EMV in the USA: Waiting on Debit, a Mandate, or Just the Opportune Moment
|発行||Mercator Advisory Group, Inc.||商品コード||143179|
|出版日||ページ情報||英文 24 pages
|米国におけるEMV：デビット規制、指令、または都合の良い時期を待つ EMV in the USA: Waiting on Debit, a Mandate, or Just the Opportune Moment|
|出版日: 2010年12月28日||ページ情報: 英文 24 pages||
Boston, MA - Payment card security shortcomings still make headlines because card data breaches continue to plague the industry. EMV is the smartcard-based technology the payment card networks have chosen as the best defense at the payment perimeter, the POS terminal. EMV has been deployed in most markets except the world' s largest card market: the USA. This new report from Mercator examines the questions "why not" and "when" for EMV.
Revealed in Mercator Advisory Group' s EMV in the USA: Waiting on Debit, a Mandate, or Just the Opportune Moment is the relatively modest cost of EMV issuance to US passport holders. While the UN Federal Credit Union is the first financial institution to issue EMV cards, Mercator forecasts at least one major US card issuer to provide a fee-based EMV card to its high net worth, traveling clients.
"EMV technology has the lead position in securing the payments perimeter today. It' s a standard that can be deployed in contact, contactless and mobile form factors. But the constraints of cost, uncertainty over ongoing debit regulation and the impact of evolving NFC mobile payments, as well as historical card network reticence means any EMV announcement will be delayed and muted when it arrives," George Peabody, Director of Mercator' s Emerging Technologies Advisory Service comments. "We forecast another quarter or two before the starting gun fires. And even then, it will be incentives based rather than an immediate mandate."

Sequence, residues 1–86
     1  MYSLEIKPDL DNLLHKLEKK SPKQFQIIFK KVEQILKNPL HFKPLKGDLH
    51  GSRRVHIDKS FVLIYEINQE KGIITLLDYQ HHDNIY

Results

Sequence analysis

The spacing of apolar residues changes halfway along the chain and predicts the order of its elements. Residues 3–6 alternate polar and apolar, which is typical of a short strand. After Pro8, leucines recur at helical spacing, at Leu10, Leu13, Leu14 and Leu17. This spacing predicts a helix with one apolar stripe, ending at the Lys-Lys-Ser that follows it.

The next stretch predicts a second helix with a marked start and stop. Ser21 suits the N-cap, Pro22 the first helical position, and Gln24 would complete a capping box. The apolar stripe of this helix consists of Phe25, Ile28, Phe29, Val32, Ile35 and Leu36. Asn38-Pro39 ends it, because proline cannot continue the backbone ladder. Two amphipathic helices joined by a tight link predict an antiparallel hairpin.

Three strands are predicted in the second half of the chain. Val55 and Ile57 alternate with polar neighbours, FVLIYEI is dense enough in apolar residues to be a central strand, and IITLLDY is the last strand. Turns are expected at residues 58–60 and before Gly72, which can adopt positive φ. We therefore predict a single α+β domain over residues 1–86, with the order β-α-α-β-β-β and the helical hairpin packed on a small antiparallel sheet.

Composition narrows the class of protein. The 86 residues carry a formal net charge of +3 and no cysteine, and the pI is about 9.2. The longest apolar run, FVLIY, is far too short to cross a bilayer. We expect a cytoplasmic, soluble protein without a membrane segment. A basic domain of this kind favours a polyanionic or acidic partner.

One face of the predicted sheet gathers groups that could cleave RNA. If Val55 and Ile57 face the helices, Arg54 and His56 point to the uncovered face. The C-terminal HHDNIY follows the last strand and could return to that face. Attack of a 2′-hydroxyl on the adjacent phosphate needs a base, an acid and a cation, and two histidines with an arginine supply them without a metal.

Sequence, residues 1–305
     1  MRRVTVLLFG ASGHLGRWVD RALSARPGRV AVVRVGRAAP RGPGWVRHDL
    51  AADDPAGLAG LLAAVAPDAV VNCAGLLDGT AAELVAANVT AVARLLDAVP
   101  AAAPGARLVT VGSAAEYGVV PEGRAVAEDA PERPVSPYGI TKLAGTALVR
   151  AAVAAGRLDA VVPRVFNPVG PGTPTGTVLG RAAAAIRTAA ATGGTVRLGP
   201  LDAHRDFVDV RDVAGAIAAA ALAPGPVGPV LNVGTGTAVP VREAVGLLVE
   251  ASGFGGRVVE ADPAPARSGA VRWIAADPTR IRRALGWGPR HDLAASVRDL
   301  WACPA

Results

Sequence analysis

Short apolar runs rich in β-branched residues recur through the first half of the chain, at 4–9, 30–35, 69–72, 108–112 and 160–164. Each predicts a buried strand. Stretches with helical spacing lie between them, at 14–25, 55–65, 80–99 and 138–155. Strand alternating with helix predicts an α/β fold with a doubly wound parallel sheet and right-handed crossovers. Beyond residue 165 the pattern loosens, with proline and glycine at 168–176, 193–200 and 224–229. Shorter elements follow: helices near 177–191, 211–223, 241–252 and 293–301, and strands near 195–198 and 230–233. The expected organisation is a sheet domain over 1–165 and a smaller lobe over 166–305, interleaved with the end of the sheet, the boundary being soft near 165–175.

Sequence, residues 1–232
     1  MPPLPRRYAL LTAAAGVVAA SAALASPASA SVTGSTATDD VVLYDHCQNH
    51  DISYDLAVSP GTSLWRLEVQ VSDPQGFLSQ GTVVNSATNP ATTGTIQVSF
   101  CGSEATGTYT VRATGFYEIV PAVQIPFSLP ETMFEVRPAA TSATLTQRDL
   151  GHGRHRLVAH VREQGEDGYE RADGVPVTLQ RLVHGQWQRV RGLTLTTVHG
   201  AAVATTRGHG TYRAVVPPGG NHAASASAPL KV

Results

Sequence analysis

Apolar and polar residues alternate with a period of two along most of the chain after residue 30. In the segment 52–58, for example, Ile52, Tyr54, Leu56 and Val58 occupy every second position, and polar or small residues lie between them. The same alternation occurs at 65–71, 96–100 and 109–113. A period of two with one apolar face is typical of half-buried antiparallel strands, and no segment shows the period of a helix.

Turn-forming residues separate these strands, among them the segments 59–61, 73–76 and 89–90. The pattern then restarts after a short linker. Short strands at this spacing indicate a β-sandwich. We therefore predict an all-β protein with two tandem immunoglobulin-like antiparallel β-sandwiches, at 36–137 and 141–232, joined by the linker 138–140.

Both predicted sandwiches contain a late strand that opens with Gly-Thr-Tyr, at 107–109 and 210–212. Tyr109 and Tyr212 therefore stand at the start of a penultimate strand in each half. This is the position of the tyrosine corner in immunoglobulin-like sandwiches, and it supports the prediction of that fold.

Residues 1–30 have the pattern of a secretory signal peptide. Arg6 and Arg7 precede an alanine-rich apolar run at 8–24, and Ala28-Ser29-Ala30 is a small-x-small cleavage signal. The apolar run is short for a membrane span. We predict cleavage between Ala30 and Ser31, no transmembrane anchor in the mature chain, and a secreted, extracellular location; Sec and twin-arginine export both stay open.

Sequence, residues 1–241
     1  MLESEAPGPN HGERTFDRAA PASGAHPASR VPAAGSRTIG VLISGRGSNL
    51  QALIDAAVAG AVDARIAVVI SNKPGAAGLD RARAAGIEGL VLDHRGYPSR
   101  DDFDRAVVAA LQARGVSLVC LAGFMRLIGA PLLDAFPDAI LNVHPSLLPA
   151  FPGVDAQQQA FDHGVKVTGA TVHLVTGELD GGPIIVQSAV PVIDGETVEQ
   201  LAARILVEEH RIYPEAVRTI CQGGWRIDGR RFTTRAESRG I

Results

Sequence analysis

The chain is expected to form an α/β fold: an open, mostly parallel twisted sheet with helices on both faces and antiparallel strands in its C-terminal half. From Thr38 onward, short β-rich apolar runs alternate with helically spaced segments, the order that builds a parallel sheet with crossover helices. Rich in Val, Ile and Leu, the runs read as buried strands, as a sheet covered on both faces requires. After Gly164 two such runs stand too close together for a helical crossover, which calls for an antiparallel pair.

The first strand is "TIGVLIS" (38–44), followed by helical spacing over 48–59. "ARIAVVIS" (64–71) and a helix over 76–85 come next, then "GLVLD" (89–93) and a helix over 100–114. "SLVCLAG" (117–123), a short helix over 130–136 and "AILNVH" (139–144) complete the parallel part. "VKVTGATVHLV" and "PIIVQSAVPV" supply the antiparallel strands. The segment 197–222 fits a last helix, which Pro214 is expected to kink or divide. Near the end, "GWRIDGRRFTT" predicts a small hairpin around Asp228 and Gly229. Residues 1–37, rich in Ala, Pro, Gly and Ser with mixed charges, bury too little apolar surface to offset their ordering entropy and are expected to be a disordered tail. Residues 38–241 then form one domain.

The report focuses on the costs, constraints, and opportunities for card issuers, merchants and the card networks themselves as they all face the EMV question. It discusses the potential role of federal regulation on the timing of a US EMV rollout. The report includes recommendations for card networks, issuers and merchants planning their POS replacement strategies.
The Federal Reserve' s debit rule making injects significant uncertainty into the timing of an EMV roll-out by the card networks. Mercator forecasts an EMV "go ahead" in the first half of 2011 with merchant incentives to accelerate EMV-capable terminal deployment.
The EMV business case for individual issuers cannot overcome competing priorities and current practices around fraud losses.
In Canada, EMV terminalization has been a breakout strategy for contactless. Given mobile NFC' s rise in the US, a similar effect could be anticipated in the US market.
EMV payment card issuing costs in the USA run between $2.4B and $2.8B depending upon smartcard interface configuration, contact only or contact + contactless.
Merchants are advised to "spend the $10" for EMV capable terminals now in anticipation of an eventual EMV roll-out.